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Author Notes:

Correspondence and requests for materials should be addressed to G.B. (email: gang.bao@rice.edu)

Author contributions: E.J.F. conceived of the concept, performed experiments, and wrote the manuscript with the help of all authors.

C.M.A., D.E.W., M.T.B., and H.D. performed experiments.

G.B. and M.L.K. directed the research.

Competing financial interests: E.J.F. and G.B. have filed a provisional patent application on the basis of these results.



  • Science & Technology
  • Multidisciplinary Sciences
  • Science & Technology - Other Topics
  • RNA
  • TALE
  • TOOL
  • DNA
  • Genetic Engineering
  • Protein delivery

Trans-spliced Cas9 allows cleavage of HBB and CCR5 genes in human cells using compact expression cassettes


Journal Title:

Scientific Reports


Volume 5


, Pages 10777-10777

Type of Work:

Article | Final Publisher PDF


CRISPR/Cas9 systems have been used in a wide variety of biological studies; however , the large size of CRISPR/Cas9 presents challenges in packaging it within adeno-associated viruses (AAVs) for clinical applications. We identified a two-cassette system expressing pieces of the S. pyogenes Cas9 (SpCas9) protein which splice together in cellula to form a functional protein capable of site-specific DNA cleavage. With specific CRISPR guide strands , we demonstrated the efficacy of this system in cleaving the HBB and CCR5 genes in human HEK-293T cells as a single Cas9 and as a pair of Cas9 nickases. The trans-spliced SpCas9 (tsSpCas9) displayed ∼35% of the nuclease activity compared with the wild-type SpCas9 (wtSpCas9) at standard transfection doses , but had substantially decreased activity at lower dosing levels. The greatly reduced open reading frame length of the tsSpCas9 relative to wtSpCas9 potentially allows for more complex and longer genetic elements to be packaged into an AAV vector including tissue-specific promoters , multiplexed guide RNA expression , and effector domain fusions to SpCas9. For unknown reasons , the tsSpCas9 system did not work in all cell types tested. The use of protein trans-splicing may help facilitate exciting new avenues of research and therapeutic applications through AAV-based delivery of CRISPR/Cas9 systems.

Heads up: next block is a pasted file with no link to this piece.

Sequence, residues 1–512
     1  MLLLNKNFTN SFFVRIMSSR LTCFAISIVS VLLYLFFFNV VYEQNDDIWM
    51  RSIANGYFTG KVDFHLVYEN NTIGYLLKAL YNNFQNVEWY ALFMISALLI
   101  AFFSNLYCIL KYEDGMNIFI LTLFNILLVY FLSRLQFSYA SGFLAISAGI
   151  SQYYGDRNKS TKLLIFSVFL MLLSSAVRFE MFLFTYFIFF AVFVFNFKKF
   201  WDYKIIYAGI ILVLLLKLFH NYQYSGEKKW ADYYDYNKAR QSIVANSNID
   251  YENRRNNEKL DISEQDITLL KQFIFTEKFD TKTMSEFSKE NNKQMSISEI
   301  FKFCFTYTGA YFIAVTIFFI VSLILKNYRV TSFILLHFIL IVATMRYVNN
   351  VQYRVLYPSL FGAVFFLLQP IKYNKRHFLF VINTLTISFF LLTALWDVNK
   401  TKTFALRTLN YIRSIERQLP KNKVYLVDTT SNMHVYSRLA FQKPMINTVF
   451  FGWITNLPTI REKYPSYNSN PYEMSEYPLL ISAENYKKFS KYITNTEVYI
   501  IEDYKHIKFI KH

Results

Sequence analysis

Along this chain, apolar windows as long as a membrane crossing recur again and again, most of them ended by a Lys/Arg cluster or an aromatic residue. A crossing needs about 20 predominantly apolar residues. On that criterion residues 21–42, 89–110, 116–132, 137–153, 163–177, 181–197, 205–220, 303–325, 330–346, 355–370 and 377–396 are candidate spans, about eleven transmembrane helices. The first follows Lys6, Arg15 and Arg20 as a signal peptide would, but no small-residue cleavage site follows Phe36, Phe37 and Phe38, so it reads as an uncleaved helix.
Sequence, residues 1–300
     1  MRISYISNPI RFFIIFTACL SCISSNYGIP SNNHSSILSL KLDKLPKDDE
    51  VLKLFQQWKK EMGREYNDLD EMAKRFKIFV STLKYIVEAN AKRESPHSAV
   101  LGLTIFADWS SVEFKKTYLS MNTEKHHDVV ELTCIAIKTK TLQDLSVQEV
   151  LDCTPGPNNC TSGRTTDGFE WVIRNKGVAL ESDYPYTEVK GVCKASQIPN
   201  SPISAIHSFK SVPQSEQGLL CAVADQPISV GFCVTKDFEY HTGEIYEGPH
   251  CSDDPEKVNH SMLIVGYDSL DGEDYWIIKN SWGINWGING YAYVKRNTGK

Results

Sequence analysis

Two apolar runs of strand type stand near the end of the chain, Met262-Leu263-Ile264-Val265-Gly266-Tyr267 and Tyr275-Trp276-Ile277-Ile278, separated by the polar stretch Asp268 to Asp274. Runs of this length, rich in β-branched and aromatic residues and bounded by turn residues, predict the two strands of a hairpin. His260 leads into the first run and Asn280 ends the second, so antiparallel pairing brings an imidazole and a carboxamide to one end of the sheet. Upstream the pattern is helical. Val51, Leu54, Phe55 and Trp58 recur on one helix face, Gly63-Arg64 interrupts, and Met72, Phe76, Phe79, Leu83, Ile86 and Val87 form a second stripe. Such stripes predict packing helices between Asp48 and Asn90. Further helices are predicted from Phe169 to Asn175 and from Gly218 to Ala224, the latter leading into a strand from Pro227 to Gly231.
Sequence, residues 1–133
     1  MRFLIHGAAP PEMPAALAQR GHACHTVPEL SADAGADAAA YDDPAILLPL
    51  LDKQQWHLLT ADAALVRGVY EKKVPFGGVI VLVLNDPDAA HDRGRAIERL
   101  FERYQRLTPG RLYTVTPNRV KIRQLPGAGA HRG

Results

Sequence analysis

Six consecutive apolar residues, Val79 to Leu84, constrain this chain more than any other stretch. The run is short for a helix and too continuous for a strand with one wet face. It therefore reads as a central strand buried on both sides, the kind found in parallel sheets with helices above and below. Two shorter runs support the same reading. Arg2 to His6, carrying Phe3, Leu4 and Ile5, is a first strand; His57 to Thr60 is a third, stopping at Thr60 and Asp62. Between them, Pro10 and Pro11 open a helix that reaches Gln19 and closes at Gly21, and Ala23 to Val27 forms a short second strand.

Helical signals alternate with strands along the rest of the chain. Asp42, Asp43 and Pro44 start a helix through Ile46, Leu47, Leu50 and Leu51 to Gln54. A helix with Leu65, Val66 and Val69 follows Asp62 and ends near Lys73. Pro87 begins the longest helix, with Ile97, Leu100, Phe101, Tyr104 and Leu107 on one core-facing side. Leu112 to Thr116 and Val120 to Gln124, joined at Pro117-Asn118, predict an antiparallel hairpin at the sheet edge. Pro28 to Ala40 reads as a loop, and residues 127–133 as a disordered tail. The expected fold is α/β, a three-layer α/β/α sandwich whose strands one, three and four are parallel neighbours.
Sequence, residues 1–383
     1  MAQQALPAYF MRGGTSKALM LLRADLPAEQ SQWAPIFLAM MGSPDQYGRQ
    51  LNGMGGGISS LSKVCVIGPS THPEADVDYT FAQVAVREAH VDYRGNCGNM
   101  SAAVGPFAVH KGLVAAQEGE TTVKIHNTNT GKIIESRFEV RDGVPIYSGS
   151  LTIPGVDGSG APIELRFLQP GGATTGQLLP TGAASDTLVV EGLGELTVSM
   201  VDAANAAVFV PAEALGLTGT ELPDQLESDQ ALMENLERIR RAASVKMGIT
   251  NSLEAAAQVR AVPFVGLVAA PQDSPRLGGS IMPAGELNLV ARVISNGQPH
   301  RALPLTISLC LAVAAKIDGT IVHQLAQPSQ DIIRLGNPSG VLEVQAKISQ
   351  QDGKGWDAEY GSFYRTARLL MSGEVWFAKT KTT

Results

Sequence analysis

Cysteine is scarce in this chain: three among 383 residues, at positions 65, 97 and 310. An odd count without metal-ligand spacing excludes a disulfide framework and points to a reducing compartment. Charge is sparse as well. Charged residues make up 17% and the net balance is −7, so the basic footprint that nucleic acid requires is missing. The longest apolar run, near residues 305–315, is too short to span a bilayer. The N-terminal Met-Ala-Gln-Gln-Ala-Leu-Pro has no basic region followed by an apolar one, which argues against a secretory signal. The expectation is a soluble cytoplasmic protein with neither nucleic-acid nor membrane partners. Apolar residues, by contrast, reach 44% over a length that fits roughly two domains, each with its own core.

Copyright information:

© 2015, Macmillan Publishers Limited

This is an Open Access work distributed under the terms of the Creative Commons Attribution 4.0 International License (https://creativecommons.org/licenses/by/4.0/).
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